I’m a good finisher, even when I produce bad or mediocre work. By this I mean that I reflect, learn, and get ready to do it all again*. So, what sustained me during the writing of my book? And, even more importantly, during the writing of my first book, which saw me learn, on the hoof, about sustaining narrative, tone, and themes over a much longer arc than that afforded by a blog?

I walked away from my earlier career in performance and arts management due to poor health caused by burnout. This was a healthy decision but also the cause of grief. In the years that followed, I puzzled over what decades of effort had meant – had been worth – if anything. And then, while I was writing the book, I had a surprise.

Raphael

Sitting on the shoulder opposite to the one occupied by the demons I had an angel, who knew what to whisper into my ear to counter the damnations offered up by my shadow selves.

“You know what this is,” it said when I descended into a mid-project funk. “You’ve been here before.”

“You’re not going to do anything while you’re sulking like this,” it suggested another time. “Get away from your laptop. Take a walk. Get some fresh air. And think about your writing while you walk. That will help.”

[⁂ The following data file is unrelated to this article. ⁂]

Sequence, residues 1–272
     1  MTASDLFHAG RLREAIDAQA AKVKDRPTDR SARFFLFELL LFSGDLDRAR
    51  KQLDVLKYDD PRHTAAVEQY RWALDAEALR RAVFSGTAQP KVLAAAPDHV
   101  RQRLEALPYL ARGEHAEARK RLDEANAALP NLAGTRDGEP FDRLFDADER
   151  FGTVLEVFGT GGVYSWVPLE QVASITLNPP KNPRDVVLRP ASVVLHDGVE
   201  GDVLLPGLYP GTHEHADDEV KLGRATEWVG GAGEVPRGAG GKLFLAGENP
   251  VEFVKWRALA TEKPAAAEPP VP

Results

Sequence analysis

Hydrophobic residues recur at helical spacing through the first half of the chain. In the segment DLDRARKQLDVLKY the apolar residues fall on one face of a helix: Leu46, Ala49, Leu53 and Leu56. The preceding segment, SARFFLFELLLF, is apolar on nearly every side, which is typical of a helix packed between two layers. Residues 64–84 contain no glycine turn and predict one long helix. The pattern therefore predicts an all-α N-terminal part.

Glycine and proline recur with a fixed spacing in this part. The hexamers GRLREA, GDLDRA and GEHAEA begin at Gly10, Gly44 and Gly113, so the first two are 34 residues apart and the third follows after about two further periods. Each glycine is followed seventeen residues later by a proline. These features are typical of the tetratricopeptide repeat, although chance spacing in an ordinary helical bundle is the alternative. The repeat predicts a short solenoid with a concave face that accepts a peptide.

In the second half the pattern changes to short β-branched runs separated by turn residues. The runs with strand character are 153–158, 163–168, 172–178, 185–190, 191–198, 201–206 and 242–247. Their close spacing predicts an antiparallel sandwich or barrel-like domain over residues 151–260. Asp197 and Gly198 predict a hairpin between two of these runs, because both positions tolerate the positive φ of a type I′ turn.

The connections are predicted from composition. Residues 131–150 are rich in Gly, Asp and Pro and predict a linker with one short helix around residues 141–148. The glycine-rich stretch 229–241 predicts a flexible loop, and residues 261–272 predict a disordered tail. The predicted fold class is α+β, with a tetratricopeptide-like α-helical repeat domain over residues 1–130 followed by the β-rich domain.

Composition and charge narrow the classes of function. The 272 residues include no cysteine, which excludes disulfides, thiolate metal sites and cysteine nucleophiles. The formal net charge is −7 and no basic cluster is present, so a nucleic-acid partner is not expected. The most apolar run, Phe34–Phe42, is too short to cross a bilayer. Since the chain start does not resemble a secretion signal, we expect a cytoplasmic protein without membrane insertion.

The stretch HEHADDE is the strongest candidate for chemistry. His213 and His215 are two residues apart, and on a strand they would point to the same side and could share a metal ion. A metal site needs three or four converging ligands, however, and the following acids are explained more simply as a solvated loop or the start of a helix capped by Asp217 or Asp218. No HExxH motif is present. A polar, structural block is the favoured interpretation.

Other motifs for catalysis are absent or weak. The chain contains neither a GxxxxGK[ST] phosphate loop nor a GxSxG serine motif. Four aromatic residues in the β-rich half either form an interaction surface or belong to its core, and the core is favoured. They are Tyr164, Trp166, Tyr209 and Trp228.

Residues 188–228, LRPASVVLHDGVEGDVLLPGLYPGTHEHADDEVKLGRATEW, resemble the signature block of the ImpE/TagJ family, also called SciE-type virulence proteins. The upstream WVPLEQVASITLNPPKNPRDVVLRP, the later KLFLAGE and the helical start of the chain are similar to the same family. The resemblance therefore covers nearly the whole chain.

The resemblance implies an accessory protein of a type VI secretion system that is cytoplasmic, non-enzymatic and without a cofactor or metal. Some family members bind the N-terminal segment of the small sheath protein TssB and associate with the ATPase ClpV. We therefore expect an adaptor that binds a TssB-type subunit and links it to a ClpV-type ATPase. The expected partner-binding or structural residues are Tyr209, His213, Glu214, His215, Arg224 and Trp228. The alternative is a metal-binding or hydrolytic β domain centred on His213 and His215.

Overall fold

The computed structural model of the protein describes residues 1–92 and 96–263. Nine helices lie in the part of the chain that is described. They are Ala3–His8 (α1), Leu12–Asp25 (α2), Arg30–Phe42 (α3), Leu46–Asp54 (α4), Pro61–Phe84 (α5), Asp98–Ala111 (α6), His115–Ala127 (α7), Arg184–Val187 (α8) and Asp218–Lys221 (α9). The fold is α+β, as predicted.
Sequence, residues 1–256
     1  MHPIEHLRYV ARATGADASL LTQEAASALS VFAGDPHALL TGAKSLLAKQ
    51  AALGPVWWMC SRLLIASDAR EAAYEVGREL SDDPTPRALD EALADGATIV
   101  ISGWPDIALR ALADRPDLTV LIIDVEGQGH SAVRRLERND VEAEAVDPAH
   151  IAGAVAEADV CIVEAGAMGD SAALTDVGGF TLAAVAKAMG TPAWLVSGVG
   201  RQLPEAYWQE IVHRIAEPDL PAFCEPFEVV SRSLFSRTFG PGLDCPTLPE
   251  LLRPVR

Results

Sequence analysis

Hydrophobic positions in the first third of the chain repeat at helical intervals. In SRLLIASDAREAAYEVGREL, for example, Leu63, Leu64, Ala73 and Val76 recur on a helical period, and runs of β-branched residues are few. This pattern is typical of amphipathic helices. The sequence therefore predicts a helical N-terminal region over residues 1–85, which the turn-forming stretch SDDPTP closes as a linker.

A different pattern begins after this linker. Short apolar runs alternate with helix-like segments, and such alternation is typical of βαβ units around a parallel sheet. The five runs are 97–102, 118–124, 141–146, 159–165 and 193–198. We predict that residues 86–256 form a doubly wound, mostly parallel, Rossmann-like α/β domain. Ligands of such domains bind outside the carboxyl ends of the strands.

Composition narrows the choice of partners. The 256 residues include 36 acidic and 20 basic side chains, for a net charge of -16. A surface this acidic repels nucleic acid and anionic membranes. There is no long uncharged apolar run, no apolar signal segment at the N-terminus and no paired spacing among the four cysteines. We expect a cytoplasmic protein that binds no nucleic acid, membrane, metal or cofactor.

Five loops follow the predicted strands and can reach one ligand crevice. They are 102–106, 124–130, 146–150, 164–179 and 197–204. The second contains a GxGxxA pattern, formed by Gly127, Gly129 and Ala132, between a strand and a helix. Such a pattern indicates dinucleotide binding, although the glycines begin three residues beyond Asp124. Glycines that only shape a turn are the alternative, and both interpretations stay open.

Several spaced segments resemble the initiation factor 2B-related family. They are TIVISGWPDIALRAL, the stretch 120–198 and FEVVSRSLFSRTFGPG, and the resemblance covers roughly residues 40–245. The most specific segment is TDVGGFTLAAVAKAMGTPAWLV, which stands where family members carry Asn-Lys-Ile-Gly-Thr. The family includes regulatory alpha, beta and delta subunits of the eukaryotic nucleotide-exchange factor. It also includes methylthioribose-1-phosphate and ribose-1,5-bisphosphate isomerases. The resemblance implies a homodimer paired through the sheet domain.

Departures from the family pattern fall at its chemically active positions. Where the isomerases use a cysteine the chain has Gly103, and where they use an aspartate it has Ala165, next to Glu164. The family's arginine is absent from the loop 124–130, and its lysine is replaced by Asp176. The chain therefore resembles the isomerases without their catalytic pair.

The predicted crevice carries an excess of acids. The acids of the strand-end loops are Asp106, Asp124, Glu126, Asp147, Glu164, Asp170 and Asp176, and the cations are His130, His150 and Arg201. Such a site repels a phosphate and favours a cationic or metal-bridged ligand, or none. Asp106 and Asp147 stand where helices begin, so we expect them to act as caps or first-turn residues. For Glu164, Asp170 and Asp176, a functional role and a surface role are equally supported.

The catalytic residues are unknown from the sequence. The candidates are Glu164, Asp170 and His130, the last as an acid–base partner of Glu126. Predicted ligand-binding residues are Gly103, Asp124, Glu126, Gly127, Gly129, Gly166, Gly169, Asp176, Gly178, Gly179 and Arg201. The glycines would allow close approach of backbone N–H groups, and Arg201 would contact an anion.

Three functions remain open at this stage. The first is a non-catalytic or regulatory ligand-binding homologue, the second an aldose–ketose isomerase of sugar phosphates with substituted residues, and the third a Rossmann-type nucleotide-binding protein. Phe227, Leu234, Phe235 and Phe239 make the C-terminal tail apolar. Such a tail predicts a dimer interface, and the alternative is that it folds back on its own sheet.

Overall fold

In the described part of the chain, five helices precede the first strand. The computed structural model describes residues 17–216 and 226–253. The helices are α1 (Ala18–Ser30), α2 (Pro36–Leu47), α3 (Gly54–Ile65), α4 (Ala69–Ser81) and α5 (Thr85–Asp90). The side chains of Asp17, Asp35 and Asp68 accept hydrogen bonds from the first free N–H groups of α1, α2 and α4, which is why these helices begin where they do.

Later still: “Ignore that demon. Don’t stop. Keep writing. Push on through.” And so on.

The angel seemed to always know what to say, when to encourage, admonish, absolve, or challenge according to the stage the writing was at and the mood I was in. It always seemed to be able to find a way to keep pushing the project forward through doubt, exhaustion, or writer’s block. It seemed to have endless life hacks to help manage energy, time, priorities, and complex ideas.

“You know what this is. You’ve been here before.”

Who was the angel? It was my younger self. The performer. The arts manager. The choreographer. The brave one. The reckless but determined one. The one who had tried and tried and tried to make good work. The one I had had to retire because she burnt herself out but who, as it turned out, had also been reflecting and making notes during all of those earlier years of effort. The performing arts are a very different art form to writing. But all art forms are demanding: all see creators plonked into the middle of a challenging process geared towards rolling out a complex creative project. All require resilience, the ability to stay the course.